Head Lice- AAP Guidelines

head-liceHead Lice is one of those things that makes me scratch my head just reading the words or each time I leave a room after seeing a patient with head lice.  The truth is, they don’t jump or leap off the head of one person to another.  Lice only crawl and thus require head to head contact or sometimes can come from hats, combs, or other direct contact.  I have never had head lice despite close contact with over a hundred patients over my career who I’ve examined their head and hair for lice.

When you look for lice, you most likely will find them above the ears and at the back of the neck, very close to the scalp.  They avoid light, so shining a light on the area may cause live lice to crawl away.  Nits (the eggs) are firmly attached to the hair and difficult to get off the hair which distinguishes them from a fleck of dandruff.

While headlice can’t live for more than 24 hours away from the human body, their nits can live a bit longer. But this is typically no longer than 2 weeks. It is important to go through your child’s room, cleaning and washing everything to help eliminate any nits that may be present. Wash all of their linens in hot water, remove large and “unwashable” items for at least two weeks, sealing them in plastic bags until all of the nits have died off. Combs and brushes should be soaked in an anti-lice shampoo solution, but there is generally no need to use an anti-lice room spray. Remind your children not to share combs and hats, and check the heads of others in your home. If any signs of lice or nits are present, begin a treatment immediately to limit the amount of any outbreak.

I favor the use of natural products that suffocate the lice, such as oils, mayonnaise, or cetaphil cleanser or petroleum jelly, worked extensively into the hair and left on overnight then washed out. Repeat this process weekly three times. Wet combing with a nit comb or carefully removing all nits can be effective, but you will need to do this daily for 1-2 weeks.

The products that are toxic to lice are (these should all be rinsed out after 10 minutes with repeat treatment in 7-9 days):


  • Permethrin 1% lotion (Nix) Pyrethrins + piperonyl butoxide (Rid) -Available without a prescription- use as directed.
  • Benzyl alcohol 5% (Ulesfia)- expensive and requires a prescription
  • Malathion 0.5% (Ovide)- toxic
  • Spinosad 0.9% suspension (Natroba)
  • Ivermectin 0.5% lotion (Sklice)- toxic


No longer recommended due to toxic risks are the scabicides:

  • Permethrin (5%)
  • Crotamiton (10%)


In the Portland area where I practice, we have a clinic dedicated to head lice and the treatment with natural non-toxic products: http://liceknowingyou.com/lice-knowing-you-portland-lice-clinic-now-open.html



  1. No healthy child should be excluded from school or allowed to miss school time because of head lice or nits. Pediatricians may educate school communities that no-nit policies for return to school should be abandoned.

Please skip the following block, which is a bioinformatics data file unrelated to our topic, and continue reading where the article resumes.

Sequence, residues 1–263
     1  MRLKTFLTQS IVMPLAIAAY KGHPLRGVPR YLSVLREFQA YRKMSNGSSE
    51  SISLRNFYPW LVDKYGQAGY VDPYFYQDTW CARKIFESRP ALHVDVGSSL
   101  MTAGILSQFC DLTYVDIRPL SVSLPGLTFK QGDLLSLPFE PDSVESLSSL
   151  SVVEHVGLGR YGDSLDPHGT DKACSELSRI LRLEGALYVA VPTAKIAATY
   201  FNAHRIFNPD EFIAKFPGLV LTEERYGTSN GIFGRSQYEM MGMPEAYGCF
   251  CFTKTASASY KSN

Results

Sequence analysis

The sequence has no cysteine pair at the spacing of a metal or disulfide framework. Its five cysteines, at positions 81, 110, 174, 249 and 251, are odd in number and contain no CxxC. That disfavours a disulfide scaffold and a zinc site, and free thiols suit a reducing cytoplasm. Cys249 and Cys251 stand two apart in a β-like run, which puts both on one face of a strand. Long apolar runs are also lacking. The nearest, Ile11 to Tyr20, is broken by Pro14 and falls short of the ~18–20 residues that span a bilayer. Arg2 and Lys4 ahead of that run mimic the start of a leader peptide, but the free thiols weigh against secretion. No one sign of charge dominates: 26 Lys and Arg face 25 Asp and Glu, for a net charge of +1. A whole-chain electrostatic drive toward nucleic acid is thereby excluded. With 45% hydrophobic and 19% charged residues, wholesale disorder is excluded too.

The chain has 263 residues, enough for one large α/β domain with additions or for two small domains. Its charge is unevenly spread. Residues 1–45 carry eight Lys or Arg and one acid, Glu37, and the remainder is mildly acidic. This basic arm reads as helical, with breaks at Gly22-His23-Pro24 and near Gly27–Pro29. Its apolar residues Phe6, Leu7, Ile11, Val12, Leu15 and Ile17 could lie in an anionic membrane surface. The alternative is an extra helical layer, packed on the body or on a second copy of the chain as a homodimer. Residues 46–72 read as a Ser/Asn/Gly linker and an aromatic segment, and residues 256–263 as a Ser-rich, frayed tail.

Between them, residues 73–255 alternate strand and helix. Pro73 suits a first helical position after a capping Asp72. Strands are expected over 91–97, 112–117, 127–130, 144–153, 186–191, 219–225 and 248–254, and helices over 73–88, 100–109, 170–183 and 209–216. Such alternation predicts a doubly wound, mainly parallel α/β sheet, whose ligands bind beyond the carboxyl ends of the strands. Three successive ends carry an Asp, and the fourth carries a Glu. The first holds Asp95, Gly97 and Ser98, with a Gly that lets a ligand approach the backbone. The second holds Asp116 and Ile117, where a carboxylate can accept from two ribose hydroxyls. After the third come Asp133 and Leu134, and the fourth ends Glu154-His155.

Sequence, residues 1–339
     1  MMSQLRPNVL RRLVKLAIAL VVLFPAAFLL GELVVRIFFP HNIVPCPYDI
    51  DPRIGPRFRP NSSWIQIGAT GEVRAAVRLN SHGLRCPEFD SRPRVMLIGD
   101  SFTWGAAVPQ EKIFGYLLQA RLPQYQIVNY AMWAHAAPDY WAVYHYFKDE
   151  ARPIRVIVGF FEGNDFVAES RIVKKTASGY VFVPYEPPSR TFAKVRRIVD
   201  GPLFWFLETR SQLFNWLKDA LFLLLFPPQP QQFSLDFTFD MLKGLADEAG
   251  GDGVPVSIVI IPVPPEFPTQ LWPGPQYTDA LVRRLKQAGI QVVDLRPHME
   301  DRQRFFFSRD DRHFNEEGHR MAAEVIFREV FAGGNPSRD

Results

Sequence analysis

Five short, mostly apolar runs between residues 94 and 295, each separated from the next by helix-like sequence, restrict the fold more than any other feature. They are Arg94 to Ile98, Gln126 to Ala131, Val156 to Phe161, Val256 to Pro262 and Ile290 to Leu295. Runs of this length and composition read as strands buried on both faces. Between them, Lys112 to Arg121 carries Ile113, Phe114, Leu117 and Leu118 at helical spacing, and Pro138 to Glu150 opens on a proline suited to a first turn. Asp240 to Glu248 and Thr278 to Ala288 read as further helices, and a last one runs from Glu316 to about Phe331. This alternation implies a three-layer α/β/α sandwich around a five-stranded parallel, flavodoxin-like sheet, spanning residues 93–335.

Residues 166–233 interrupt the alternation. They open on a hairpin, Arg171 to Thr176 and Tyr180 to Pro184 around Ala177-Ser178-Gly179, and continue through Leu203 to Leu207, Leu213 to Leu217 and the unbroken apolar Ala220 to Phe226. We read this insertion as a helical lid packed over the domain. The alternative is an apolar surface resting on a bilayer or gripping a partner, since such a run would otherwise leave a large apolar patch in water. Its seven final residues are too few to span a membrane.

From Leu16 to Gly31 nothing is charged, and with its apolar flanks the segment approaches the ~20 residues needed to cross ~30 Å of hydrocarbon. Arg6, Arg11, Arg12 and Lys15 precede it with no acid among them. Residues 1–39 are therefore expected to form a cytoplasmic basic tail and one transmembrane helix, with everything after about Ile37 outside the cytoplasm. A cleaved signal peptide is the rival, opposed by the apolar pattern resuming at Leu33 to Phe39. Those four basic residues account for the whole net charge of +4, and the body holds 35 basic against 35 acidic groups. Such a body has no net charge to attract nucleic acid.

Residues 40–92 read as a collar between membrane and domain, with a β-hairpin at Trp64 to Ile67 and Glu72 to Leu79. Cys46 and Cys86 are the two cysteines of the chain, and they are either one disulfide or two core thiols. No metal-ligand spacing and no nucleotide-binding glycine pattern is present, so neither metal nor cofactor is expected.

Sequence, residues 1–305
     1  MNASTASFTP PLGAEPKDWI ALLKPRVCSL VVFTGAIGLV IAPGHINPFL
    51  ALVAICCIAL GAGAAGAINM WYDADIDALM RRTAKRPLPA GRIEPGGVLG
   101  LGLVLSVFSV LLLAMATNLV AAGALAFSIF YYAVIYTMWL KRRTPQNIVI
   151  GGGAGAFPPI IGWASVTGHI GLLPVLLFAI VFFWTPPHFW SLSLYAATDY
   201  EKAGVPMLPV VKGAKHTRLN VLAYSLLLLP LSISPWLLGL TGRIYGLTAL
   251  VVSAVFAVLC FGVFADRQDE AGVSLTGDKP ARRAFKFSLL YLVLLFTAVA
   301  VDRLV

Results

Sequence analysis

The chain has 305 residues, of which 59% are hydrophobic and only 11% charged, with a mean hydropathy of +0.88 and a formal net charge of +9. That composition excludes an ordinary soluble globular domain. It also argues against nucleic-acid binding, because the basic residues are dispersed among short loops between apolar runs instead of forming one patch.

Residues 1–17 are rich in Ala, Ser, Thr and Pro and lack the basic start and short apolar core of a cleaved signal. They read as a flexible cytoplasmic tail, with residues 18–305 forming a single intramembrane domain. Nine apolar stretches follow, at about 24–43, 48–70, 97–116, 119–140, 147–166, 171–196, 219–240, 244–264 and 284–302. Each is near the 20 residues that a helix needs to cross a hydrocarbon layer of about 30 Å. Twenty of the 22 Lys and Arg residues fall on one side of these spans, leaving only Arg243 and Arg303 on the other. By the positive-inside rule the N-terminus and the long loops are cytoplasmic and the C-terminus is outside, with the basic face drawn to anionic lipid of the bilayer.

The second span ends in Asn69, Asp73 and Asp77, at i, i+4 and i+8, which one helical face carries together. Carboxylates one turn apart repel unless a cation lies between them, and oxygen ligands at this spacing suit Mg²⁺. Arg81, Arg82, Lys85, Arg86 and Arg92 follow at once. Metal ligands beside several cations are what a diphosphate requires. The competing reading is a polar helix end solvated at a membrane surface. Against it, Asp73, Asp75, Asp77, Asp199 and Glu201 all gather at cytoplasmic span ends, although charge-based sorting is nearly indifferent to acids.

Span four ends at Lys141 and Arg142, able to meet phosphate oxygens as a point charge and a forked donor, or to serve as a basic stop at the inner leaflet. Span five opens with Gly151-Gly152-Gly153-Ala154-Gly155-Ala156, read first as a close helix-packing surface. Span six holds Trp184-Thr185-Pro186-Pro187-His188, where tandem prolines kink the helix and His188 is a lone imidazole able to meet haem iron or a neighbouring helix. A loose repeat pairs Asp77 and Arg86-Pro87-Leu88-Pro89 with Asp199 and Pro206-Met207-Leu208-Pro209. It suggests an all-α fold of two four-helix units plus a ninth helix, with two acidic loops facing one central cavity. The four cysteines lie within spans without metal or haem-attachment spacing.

2. It is useful for pediatricians to be knowledgeable about head lice infestations and treatments (pediculicide and alternative therapies); they may take an active role as information resources for families, schools, and other community agencies.
  3. Unless resistance to these products has been proven in the community, 1% permethrin or pyrethrins are a reasonable first choice for primary treatment of active infestations if pediculicide therapy is required.
  4. Carefully communicated instructions on the proper use of products are important. Because current products are not completely ovicidal, applying the product at least twice, at proper intervals, is indicated if permethrin or pyrethrin products are used or if live lice are seen after prescription therapy per manufacturer’s guidelines. Manual removal of nits immediately after treatment with a pediculicide is not necessary to prevent spread. In the school setting, nit removal may be considered to decrease diagnostic confusion and social stigmatization.
  5. If resistance to available OTC products has been proven in the community, if the patient is too young, or if parents do not wish to use a pediculicide, consider the manual removal of lice/nits by methods such as “wet-combing” or an occlusive method (such as petroleum jelly or Cetaphil cleanser), with emphasis on careful technique, close surveillance, and repeating for at least 3 weekly cycles.
  6. Benzyl alcohol 5% can be used for children older than 6 months, or malathion 0.5% can be used for children 2 years or older in areas where resistance to permethrin or pyrethrins has been demonstrated or for a patient with a documented infestation that has failed to respond to appropriately administered therapy with permethrin or pyrethrins. Spinosad and topical ivermectin are newer preparations that might prove helpful in difficult cases, but the cost of these preparations should be taken into account by the prescriber.” You can read more here…


Dr. Paul




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